What if there were more student-led food initiatives on campus – student-run cafes and cooperatives that offered affordable food and supported small businesses from the Montreal community, independently operated student spaces, supported by the university, where students could socialize and organize?
What if there were more student-led food initiatives on campus […] independently operated student spaces, where students could socialize and organize?
We are inspired to imagine the integration of student needs with a larger vision for a world without oppression and domination. In doing so, we draw inspiration from the revolutionary movements around us. We are inspired by past student organizing, most recently during the 2012 Quebec student strike; by the Concordia Food Coalition’s efforts to create a community food system at Concordia outside of the pursuit of financial profit; by life-giving projects like the Kahnawà:ke Environment Protection Office, whose mission is to foster environmental leadership within their community. The struggle continues, and we’re here to provide fuel for the fight!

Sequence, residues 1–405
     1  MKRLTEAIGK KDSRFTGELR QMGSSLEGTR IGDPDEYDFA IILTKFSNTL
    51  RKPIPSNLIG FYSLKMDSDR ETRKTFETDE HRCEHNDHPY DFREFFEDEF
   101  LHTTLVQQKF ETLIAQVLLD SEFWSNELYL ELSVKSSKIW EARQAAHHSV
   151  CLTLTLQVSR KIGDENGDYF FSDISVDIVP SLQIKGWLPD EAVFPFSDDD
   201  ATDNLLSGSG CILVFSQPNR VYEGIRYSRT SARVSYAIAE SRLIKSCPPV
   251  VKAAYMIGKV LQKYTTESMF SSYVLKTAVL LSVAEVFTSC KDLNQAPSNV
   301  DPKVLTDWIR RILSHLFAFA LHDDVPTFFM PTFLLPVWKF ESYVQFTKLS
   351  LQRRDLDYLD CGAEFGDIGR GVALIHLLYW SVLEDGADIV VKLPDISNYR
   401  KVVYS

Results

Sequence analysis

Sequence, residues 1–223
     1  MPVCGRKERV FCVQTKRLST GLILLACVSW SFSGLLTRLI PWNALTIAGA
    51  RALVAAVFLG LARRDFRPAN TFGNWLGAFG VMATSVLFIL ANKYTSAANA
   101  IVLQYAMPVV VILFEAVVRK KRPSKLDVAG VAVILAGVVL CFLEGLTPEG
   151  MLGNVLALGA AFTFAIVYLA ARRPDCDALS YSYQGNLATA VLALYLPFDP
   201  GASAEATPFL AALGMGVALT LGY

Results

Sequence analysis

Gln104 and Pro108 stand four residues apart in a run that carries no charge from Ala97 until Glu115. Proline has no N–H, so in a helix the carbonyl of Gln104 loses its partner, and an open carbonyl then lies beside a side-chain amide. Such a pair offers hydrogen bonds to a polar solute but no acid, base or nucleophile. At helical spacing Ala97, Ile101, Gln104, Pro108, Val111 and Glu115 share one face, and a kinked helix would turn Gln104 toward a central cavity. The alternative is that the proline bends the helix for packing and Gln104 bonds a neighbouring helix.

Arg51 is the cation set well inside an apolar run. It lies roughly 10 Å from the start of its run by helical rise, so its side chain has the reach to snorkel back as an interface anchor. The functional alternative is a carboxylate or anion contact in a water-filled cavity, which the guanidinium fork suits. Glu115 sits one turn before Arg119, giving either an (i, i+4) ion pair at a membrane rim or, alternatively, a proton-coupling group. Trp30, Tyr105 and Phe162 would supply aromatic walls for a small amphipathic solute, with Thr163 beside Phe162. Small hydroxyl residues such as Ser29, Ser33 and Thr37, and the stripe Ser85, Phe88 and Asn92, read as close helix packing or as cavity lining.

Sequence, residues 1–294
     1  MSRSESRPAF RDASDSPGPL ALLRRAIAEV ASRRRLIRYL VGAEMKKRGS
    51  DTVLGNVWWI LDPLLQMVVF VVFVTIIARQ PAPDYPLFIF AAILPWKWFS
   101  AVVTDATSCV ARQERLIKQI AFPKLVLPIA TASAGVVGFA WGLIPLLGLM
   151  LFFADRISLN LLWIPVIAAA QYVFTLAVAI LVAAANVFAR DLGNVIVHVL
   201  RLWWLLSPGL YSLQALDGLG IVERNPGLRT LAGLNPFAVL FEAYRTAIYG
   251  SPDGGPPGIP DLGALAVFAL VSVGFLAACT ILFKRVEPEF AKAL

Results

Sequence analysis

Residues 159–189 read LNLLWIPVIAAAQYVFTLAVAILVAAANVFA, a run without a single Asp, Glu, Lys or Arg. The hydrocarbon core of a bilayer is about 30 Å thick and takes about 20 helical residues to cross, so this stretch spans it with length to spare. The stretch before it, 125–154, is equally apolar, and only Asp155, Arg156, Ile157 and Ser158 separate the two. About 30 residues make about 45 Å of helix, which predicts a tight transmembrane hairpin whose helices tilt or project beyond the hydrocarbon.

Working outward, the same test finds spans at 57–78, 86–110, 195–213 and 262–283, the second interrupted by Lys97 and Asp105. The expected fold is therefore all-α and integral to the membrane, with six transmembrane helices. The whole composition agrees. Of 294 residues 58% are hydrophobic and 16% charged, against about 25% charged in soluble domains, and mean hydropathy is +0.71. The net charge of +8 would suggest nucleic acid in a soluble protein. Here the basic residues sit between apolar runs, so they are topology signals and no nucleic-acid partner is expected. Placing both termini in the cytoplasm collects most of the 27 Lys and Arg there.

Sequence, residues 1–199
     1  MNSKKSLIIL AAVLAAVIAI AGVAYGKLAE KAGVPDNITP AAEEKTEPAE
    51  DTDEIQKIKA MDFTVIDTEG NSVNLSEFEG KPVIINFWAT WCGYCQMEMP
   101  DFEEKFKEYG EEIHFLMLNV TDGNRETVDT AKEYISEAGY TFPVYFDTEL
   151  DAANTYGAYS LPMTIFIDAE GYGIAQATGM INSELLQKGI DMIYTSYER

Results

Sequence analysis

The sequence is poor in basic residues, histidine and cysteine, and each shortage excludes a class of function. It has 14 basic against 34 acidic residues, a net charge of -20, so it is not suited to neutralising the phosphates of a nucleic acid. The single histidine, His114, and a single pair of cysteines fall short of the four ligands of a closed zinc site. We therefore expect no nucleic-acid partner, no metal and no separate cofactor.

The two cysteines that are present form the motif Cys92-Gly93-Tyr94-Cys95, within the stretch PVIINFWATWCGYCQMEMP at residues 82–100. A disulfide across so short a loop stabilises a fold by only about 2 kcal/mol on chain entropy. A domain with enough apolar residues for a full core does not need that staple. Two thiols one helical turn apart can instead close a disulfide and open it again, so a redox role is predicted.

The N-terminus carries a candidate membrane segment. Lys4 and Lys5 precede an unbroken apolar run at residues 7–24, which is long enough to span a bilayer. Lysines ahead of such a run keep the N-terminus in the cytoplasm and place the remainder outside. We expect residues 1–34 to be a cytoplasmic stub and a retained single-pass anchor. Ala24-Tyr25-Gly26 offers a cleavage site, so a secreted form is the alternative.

Midnight Kitchen is a non-profit, worker and volunteer-run collective that operates out of Tio’tia:ke (unceded Kanien’kehá:ka territory) dedicated to providing accessible food to as many people as possible. We aim to empower individuals and communities by providing a working alternative to current capitalist, profit-driven systems of food production and distribution. We oppose privatization, corporatization and other systemic processes that both cause and perpetuate marginalization of certain people. We will provide popular education on issues of social, environmental, and food (in)justice, both inside and outside the collective, and provide space for the exchange of ideas within the community.
We oppose both violent, status-quo food systems as well as green-washed, individualized “lifestylist” approaches that direct attention away from the systemic causes of poverty, environmental destruction, and lack of access to food. By taking the initiative to produce and distribute food in our own communities, we act in the pursuit of social and environmental justice and will support others who share these goals. Our approach to food justice is grounded in anti-oppression with a mandate to center marginalized people.